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Web services are typically created for the purpose of exchanging data between applications or services, or for exposing an object method for access by another software program[5] A Web service contract defines how the Web services messages are mapped between various applications, technologies, and software systems [5] It must be noted that using Web services for remote object invocation is an inappropriate use of Web services If you want to implement distributed objects, then you should use a distributed object technology, like Java RMI or CORBA Web services is a documentoriented technology, not an object-oriented technology Nevertheless, it is a fact of life that some analysts and vendors recommend that the best way for, say, a C# requestor to communicate with, say, a Java provider is using RPC-oriented Web services In an ideal world, a Java bean could seamlessly invoke any NET Framework object developed using Visual Basic, C#, or Visual C++, but because of platform and language differences, this is not possible In a nutshell, the NET platform is designed for close compatibility with the Windows operating system, and it takes full advantage of native Windows features such as multithreading, memory management, file system access, and other system-level APIs On the other hand, the J2EE platform takes advantage of the Java virtual machine's portability layer to provide the same features and functionality across all operating systems on which it runs Web services can be used to provide interoperability across applications developed using NET and J2EE, but there are limitations because of the level of functionality currently available in Web services and because of significant differences between the NET architecture and the J2EE architecture Figure 4-4 places the NET and J2EE environments side by side, highlighting the fundamental difference in their designs with respect to operating system integration NET is designed to integrate very closely with the Windows operating system, while J2EE is designed to work on any operating system, including Windows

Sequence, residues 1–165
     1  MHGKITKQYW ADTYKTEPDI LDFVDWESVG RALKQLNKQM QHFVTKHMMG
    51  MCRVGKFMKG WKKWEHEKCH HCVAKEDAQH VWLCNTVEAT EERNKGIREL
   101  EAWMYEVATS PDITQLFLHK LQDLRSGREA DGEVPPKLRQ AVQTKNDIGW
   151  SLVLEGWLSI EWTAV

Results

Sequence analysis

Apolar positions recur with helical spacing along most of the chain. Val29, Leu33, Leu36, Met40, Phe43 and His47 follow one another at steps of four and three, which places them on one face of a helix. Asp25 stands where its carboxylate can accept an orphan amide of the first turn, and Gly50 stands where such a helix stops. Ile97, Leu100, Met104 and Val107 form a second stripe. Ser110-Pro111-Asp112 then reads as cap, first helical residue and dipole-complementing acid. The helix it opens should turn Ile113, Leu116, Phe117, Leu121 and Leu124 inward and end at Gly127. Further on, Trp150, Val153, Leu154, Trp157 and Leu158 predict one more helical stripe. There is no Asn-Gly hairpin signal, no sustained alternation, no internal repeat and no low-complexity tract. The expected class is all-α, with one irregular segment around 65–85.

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Figure 4-4 Comparing J2EE and NET architectures [View full size image]
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Because of key differences, interoperability between the NET platform and the J2EE platform is limited and can only be achieved at a fairly high level of abstraction The best approach is to define service contracts (ie, WSDL interfaces) that either exchange coarse-grained data objects or encapsulate multiple method invocations into a single WSDL service For example, if both applications need to share customer data, then you should define an XML Schema for the customer record, use it to define the appropriate WSDL operations, and generate SOAP messages based upon it The WSDL file and the associated XML Schema are crucial because they define the shared data model
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Applying SOA and Web Services for IntegrationService-Enabling Legacy Systems
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Web services technologies can be used to create a contract between disparate software systems such as J2EE, CORBA, NET, WebSphere MQ, and packaged applications This contract is described using XML and is expressed using a pattern of messages exchanged between the described applications The contract defines a mutually agreed abstraction of the systems being bridged Because J2EE, NET, CORBA, WebSphere MQ, SAP, and virtually any other software system all understand Web services, getting them to interoperate means finding Web services contracts upon which the disparate systems can agree One of the advantages of well-defined service contracts is that they can be extended beyond newly developed Web services to also incorporate legacy systems In particular, legacy systems can be service-enabled by defining WSDL contracts for them and providing SOAP applications that can receive SOAP messages and convert them into message-level or API-level invocations of the legacy systems The benefit of this approach is that it allows organizations to cost-effectively reuse valuable legacy assets without adopting expensive and risky "rip-and-replace" strategies Almost any legacy system can be service-enabled, including the following: Mainframe systems (eg, CICS and IMS) Distributed object applications (eg, CORBA, DCOM, J2EE) Transaction processing systems (eg, Tuxedo and Encina) Packaged applications (eg, SAP, PeopleSoft, Oracle applications) DBMS (eg, Oracle, Sybase, DB2, SQL Server) B2B and messaging systems (eg, SWIFT, EDIFACT, X12, HL7, WebSphere MQ, JMS, MSMQ) In the following sections, we give some practical examples of service-enabling legacy systems
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